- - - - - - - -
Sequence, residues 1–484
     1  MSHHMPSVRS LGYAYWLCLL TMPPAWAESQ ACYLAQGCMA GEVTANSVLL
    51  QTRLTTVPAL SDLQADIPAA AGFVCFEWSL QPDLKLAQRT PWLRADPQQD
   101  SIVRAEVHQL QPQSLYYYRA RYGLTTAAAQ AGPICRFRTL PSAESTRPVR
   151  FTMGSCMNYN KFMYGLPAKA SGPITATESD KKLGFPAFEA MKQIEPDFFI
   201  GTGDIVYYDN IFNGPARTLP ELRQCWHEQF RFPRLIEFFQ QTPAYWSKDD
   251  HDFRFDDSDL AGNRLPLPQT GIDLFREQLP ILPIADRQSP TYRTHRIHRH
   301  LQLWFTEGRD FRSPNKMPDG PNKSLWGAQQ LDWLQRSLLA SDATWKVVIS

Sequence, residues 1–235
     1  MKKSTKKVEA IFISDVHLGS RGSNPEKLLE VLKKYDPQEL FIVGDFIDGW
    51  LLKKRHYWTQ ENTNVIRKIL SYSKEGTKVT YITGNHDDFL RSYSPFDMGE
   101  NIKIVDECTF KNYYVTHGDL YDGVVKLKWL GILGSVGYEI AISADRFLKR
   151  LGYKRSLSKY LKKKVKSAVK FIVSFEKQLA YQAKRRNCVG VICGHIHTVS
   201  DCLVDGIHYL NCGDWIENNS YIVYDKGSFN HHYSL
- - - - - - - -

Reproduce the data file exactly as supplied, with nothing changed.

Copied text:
Sequence, residues 1–484
     1  MSHHMPSVRS LGYAYWLCLL TMPPAWAESQ ACYLAQGCMA GEVTANSVLL
    51  QTRLTTVPAL SDLQADIPAA AGFVCFEWSL QPDLKLAQRT PWLRADPQQD
   101  SIVRAEVHQL QPQSLYYYRA RYGLTTAAAQ AGPICRFRTL PSAESTRPVR
   151  FTMGSCMNYN KFMYGLPAKA SGPITATESD KKLGFPAFEA MKQIEPDFFI
   201  GTGDIVYYDN IFNGPARTLP ELRQCWHEQF RFPRLIEFFQ QTPAYWSKDD
   251  HDFRFDDSDL AGNRLPLPQT GIDLFREQLP ILPIADRQSP TYRTHRIHRH
   301  LQLWFTEGRD FRSPNKMPDG PNKSLWGAQQ LDWLQRSLLA SDATWKVVIS

Sequence, residues 1–235
     1  MKKSTKKVEA IFISDVHLGS RGSNPEKLLE VLKKYDPQEL FIVGDFIDGW
    51  LLKKRHYWTQ ENTNVIRKIL SYSKEGTKVT YITGNHDDFL RSYSPFDMGE
   101  NIKIVDECTF KNYYVTHGDL YDGVVKLKWL GILGSVGYEI AISADRFLKR
   151  LGYKRSLSKY LKKKVKSAVK FIVSFEKQLA YQAKRRNCVG VICGHIHTVS
   201  DCLVDGIHYL NCGDWIENNS YIVYDKGSFN HHYSL